This Past Week As A Micro Example Of Sequence Of Return Risk

rogernusbaum

We've explored the concept of sequence of return risk many times before and the panic of the last week gives a little of an idea in real time how it works and why mitigating it one way or another is prudent. The 12% decline of the previous week was a crash. The crash may or may not be over but declines that are that fast are crashes and there is no realistic way to avoid a crash. Bear markets like in 2008 and before that in 2000 and maybe even late 2018 tend to start slowly, they rollover for a period of months. Even in 2018, the market peaked in October of 2018 before the whoosh down in late December. In the current event, the market crashed from a high put in just a few days earlier.

Imagine that your retirement date is April 1st, 2020 and you were fully invested in a 60/40 portfolio, 60/40 being pretty reasonable. Would the roughly 7% you might be down (60% of 12% being 7.2%) be enough to cause you to considering delaying your retirement? There's no wrong answer there, this is sort of thing is up to the individual. What if the crash is not over and two weeks from now, the stock market is down 25% from it's peak? Would the then 15% decline (using the same math as above) cause you to consider delaying your retirement? There's still no wrong answer but you can appreciate that at some point, people relying on an investment portfolio to fund some portion of their retirement would consider a delay in this scenario due to market reasons, reasons related to the consequence of an adverse sequence of returns.

At the same time, life circumstances could be equally powerful in driving your desire to retire including health issues, your job no longer being available if you've previously announced a retirement date, hating your job, some sort of family consideration or anything else you might think of.

Regardless of whether the selling is over (probably not over but who knows) or this goes on to be as bad as the financial crisis (extremely, extremely unlikely), there is no question that the event will end at some point and then the market will work its way back to a new high, there's just no way to know how long that will take.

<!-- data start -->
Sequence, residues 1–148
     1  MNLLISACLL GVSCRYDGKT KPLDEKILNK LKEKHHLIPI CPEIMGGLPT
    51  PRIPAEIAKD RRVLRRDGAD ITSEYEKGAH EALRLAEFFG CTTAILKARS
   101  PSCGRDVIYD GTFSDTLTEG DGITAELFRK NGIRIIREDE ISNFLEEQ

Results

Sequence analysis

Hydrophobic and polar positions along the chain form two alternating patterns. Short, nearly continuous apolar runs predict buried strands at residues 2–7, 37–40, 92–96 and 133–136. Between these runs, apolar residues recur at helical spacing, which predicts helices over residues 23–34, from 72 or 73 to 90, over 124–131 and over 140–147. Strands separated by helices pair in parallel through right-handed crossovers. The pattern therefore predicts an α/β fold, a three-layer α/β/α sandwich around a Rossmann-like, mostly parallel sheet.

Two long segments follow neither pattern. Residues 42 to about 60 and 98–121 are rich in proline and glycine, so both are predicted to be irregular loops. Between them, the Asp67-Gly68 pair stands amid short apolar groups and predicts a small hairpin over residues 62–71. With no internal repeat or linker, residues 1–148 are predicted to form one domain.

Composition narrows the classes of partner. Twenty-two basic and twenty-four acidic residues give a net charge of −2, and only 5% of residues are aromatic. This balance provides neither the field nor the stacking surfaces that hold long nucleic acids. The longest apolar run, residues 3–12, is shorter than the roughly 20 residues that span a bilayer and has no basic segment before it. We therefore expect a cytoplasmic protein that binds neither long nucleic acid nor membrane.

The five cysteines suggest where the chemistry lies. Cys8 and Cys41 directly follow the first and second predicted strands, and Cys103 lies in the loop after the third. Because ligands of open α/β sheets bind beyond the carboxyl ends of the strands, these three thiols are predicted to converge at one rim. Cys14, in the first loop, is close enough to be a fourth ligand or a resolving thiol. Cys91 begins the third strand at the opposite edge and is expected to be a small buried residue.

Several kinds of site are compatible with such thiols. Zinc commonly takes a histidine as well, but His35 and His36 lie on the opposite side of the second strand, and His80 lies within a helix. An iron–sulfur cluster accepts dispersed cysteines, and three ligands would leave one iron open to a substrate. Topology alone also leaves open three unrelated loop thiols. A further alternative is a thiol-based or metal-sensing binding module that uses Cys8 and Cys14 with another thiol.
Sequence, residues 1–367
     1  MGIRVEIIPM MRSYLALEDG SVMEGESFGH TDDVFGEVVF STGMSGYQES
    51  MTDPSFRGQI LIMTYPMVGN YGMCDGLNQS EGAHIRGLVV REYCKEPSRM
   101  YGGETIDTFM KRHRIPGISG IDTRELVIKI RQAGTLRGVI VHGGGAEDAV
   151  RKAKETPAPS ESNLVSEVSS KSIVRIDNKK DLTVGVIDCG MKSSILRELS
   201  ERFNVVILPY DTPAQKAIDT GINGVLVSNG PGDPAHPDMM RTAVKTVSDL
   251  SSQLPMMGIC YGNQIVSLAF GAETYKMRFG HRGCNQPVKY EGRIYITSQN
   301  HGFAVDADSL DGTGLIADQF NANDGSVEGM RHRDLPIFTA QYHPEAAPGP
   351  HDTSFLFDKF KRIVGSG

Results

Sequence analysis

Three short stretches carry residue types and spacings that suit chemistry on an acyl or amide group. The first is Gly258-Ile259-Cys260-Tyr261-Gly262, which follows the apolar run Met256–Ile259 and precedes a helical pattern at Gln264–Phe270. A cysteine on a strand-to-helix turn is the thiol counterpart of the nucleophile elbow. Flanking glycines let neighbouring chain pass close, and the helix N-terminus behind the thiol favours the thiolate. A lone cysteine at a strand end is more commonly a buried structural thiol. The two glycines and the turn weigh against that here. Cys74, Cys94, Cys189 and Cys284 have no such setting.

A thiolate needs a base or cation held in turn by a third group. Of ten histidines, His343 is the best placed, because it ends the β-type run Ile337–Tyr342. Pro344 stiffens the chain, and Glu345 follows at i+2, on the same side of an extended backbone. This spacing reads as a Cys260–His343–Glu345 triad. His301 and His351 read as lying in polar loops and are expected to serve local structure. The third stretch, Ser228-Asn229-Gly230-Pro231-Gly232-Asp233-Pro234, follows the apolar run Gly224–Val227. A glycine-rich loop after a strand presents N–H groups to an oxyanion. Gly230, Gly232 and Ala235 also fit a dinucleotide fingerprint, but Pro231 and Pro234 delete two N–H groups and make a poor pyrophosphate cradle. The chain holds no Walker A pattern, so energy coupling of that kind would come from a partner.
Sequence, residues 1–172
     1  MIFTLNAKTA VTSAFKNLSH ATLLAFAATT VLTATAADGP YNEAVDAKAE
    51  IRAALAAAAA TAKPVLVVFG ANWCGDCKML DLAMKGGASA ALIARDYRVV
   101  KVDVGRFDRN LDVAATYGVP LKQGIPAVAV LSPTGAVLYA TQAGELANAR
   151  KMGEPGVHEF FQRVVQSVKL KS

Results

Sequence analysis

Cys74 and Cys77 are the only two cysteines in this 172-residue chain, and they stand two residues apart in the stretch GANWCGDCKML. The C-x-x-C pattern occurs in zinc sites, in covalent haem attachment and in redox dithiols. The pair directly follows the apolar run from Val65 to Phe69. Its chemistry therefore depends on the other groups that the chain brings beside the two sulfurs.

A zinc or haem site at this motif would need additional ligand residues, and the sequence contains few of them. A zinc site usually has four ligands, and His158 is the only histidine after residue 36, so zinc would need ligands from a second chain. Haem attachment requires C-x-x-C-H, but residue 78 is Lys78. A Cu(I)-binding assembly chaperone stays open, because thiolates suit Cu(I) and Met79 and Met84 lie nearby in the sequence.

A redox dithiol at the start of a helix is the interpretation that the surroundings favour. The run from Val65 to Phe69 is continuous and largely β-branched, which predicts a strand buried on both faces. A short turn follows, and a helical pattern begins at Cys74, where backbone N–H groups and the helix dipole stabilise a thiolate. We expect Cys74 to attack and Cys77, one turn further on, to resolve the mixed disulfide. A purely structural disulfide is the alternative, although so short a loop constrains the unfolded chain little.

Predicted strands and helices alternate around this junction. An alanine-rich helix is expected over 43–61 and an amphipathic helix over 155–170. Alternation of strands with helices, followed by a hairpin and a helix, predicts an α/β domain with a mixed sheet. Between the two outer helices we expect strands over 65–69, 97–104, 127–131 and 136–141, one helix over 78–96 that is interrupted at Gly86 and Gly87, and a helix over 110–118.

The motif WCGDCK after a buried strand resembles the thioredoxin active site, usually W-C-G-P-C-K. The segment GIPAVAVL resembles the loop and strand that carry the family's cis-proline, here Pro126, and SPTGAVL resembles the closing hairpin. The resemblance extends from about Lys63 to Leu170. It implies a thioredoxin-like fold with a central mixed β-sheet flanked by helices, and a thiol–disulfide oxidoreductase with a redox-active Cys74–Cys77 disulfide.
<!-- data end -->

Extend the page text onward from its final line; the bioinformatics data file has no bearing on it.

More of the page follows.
But market events like this can get in the way of life events, someone retired on December 31st, 2007 and probably endured a lot of stress. There are ways to mitigate, even if just partially, the consequence of an adverse sequence of returns. The simplest way is to raise some cash ahead of time. This is not market timing, it is more like life timing. You're 60, have enough for retirement now with a plan to retire at 62. At this point you should have some idea of what your retirement expenses might be in monthly terms.

How many months of expenses would you feel comfortable having set aside in cash in case something does go wrong in the market? There's no wrong answer but there are potential consequences to what you do. Is six months worth of cash need enough to allow the stock market to recover before starting to draw from the portfolio? For something like the financial crisis, no it wasn't but for something like the panic in late 2018 or the taper tantrum in 2013 it would have been enough.

Where there is no single answer that's correct for all circumstances, the solution boils down to truly understanding your risk tolerances and emotional triggers. This past week might serve as a reminder of these things for people. Paraphrasing myself from past blog posts, you don't want to find out that you had too much in equities after a crash.